A large number of French property-owning Brits spend two weeks in the summer and perhaps one at Easter in their Gallic retreats - much of which time is spent dispelling the damp and cobwebs of unoccupancy and doing urgent DIY. That's after you've spent two days - or should that be daze - recovering from your 12-hour southerly schlep down the autoroute. And forget the garden, which will be a jungle of bindweed and thistles that you might just as well give over to the local farmer and his livestock.
So what about something closer to hand? Northern France is the unfashionable end, of course, but it is still France. Napoleon and generations of autocratic centrists have made sure of that. Calais, thanks to the wonderfully unfussy Le Shuttle, is now less than two hours' drive away from the centre of London, while new motorways are bringing parts of Normandy (imagine Sussex with more space and fewer cars) to within four hours' drive from Piccadilly Circus.
I part-own a farmhouse in the Seine Maritime departement of Normandy, about 20 minutes from Dieppe. When the Boulogne-Abbeville segment of the A16 motorway is finally completed next spring, I should be able to leave work here at Canary Wharf in London's East End at five o'clock on a Friday evening and be sitting down by a blazing fireside with a glass of Calvados come the stroke of nine. Conversely, I could lock up the front door of our fermette at eight o'clock on a Monday morning and (thanks to the hour time difference) be settled behind my desk at The Independent by 11am, a reasonable hour in medialand. Voila. The French home can be comfortably weekendable. I go to Normandy at least once every four weekends (more often in the summer), plus the usual holidays. The only prohibition is the cost of the Shuttle - or ferry if you prefer - but even that isn't too bad away from peak holiday seasons.
The biggest no-no for many potential buyers in northern France, though, is the weather - which is pretty much as found in southern England. But take the long view. Global warming may soon make Provence uninhabitable to all but scorpions and malaria-carrying mosquitoes, while Picardy will bask in Provencal languor. And, in the meantime, not everybody prefers hot weather. The four seasons in Normandy are beautifully gradated, even if I do wish high summer would hang around a few weeks longer. Region by region, then, this is a very rough guide to the desirable parts of northern France.
Nord and Pas de Calais
Generally seen from the window of a car or train speeding to Paris and beyond, the Pas de Calais is not without interest or beauty - and there is a massive regional park at its centre. Some of the best sandy beaches in France are to be found south of Boulogne and towards Le Touquet, while the pretty town of Hesdin makes a good base for property viewing (thick white-stoned-wall houses are the style here). One glance at your Michelin guide will also reveal a greater concentration of "starred" restaurants in the area than almost anywhere else in the country, a legacy of the area's historic role as the playground of Paris. To the east of the region you are more properly in Flanders, with its beer-drinking Flemish connections. Why not two foreign cultures for the price of one? Lille, meanwhile, is fast becoming one of the most exciting cities in the country - and has Eurostar and TGV connections. Fancy a short break? You could be in Bordeaux in five hours.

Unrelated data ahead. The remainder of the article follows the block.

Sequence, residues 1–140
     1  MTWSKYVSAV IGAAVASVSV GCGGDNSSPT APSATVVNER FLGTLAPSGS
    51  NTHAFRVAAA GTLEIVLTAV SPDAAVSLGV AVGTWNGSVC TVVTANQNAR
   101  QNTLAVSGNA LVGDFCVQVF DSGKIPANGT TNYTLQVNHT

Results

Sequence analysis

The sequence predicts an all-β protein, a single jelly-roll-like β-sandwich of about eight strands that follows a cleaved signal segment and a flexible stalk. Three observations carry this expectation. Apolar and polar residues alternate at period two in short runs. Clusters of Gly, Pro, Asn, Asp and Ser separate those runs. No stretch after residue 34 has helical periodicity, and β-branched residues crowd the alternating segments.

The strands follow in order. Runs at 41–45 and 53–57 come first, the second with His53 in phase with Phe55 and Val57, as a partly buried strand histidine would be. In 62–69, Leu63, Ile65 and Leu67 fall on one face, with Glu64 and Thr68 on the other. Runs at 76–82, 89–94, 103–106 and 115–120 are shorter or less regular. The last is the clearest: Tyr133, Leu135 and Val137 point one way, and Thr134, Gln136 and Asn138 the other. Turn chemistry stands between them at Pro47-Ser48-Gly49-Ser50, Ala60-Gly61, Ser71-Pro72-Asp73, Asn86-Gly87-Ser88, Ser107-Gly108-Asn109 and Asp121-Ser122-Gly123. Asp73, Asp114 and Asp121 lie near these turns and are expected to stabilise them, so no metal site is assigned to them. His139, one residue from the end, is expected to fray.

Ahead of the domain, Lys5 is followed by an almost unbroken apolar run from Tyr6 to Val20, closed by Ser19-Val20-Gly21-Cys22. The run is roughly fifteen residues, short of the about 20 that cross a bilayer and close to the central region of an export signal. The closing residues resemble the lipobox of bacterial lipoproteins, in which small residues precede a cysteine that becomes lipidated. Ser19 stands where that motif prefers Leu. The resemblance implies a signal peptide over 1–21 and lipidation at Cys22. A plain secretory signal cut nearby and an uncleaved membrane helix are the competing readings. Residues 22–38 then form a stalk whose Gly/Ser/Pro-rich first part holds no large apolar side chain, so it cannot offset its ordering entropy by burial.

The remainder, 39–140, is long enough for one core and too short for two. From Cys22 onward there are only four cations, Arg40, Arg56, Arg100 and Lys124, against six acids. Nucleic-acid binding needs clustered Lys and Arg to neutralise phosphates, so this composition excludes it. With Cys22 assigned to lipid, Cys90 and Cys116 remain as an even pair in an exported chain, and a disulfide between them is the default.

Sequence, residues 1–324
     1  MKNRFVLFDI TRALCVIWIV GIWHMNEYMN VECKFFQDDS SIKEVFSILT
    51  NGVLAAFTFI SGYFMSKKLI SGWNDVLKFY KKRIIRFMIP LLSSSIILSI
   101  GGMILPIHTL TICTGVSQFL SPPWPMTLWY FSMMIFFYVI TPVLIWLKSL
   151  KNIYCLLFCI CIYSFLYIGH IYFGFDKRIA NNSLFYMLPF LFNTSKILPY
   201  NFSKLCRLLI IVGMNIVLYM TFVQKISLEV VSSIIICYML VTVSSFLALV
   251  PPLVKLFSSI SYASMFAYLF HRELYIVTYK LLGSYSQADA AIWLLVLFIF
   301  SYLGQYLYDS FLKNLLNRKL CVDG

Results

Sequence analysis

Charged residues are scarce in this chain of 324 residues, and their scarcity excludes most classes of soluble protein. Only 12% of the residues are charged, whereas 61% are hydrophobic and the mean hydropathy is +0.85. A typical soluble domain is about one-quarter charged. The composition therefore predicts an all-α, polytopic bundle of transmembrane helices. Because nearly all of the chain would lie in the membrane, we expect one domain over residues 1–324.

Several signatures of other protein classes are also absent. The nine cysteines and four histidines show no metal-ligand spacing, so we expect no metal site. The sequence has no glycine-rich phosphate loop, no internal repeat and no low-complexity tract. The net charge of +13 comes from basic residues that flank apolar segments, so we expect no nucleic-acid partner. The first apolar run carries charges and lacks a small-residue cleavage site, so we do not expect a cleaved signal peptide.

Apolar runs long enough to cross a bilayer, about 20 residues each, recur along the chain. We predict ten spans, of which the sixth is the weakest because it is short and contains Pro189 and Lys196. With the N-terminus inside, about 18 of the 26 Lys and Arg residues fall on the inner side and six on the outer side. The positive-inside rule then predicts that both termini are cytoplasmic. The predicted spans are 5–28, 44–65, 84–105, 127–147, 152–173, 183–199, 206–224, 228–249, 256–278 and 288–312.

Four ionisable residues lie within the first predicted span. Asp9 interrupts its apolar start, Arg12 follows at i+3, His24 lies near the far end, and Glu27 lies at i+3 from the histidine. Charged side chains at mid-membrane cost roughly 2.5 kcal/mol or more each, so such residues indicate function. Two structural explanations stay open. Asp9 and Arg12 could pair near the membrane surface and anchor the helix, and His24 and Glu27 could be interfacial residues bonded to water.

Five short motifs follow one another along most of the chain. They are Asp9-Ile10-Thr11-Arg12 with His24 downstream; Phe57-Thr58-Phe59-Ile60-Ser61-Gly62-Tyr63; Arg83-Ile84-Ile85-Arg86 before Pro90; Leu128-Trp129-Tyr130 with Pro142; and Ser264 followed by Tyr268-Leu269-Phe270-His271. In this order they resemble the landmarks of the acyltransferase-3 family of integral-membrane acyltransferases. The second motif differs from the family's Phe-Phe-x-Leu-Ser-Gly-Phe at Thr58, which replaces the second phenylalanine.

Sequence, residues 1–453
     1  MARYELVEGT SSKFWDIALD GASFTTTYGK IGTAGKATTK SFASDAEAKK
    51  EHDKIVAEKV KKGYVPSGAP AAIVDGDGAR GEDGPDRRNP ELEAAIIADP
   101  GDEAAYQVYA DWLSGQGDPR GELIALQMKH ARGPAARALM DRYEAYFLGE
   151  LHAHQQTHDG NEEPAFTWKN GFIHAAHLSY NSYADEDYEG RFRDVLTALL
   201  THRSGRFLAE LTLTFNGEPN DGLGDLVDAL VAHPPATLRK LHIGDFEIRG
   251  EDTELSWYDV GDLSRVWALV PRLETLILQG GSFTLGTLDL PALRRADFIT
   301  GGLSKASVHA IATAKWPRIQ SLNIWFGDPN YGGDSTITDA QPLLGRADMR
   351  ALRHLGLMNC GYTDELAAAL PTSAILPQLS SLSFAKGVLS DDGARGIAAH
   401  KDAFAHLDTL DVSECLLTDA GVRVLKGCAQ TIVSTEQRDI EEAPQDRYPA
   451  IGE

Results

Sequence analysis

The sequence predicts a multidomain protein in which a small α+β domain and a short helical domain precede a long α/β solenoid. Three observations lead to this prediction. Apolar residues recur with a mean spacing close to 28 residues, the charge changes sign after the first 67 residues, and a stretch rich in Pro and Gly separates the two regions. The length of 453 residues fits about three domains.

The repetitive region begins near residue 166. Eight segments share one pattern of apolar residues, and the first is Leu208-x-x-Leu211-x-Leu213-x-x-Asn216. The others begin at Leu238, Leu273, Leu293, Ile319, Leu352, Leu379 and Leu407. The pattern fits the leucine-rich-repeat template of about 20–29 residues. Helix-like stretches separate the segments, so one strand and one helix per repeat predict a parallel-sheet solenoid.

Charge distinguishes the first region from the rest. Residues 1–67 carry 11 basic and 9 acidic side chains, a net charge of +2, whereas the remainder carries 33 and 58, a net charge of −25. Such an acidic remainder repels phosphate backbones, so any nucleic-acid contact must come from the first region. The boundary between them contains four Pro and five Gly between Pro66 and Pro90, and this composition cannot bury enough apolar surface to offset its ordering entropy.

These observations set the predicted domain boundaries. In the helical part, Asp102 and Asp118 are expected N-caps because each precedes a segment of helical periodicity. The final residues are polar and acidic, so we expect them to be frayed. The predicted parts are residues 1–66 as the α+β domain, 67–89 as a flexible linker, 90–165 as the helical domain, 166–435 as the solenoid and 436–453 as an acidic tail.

I have slowly been discovering Picardy, with its sombre associations with the First World War, while toing and froing from Normandy, and have been developing an appreciation for its rather wild, open scenery and pretty cottages. The bay of the Somme is another place apart, with its flat, marshy landscape and twin capitals of Le Crotoy and St Valery-sur- Somme, both extremely attractive towns. Driving around the area in June I was struck by its similarity to the landscape around La Rochelle. Watch out for unexploded shells from the Great War while digging the hole for your septic tank. These are still being uncovered in alarmingly large quantities.
The most obviously attractive of all the northern regions of France, with lush green meadows, orchards, half-timbered houses and a fine regional cuisine based on milk, apples and the sea. By next spring motorways will go in one long sweep all the way from the Channel Tunnel to Caen, in the deep heart of Normandy, via Rouen. The Seine Maritime is the most easterly - and thus accessible - Norman departement. The Caux plateau, dominating the landscape to the east of Le Havre, can seem monotonous in the flatness of its great wheat fields, but tucked all about are beautiful river valleys, while in the more intimate Pay de Bray - home of the heart-shaped Neufchatel cheese - you can still find those archetypal timbered properties (the French call them colambage) in the region of pounds 20,000. Anywhere within striking distance of Dieppe gives you a second port of entry, although the fast-ferry service from Newhaven to Dieppe is currently earning itself a notorious reputation for lateness and mechanical failure to rival the London Underground's Northern Line.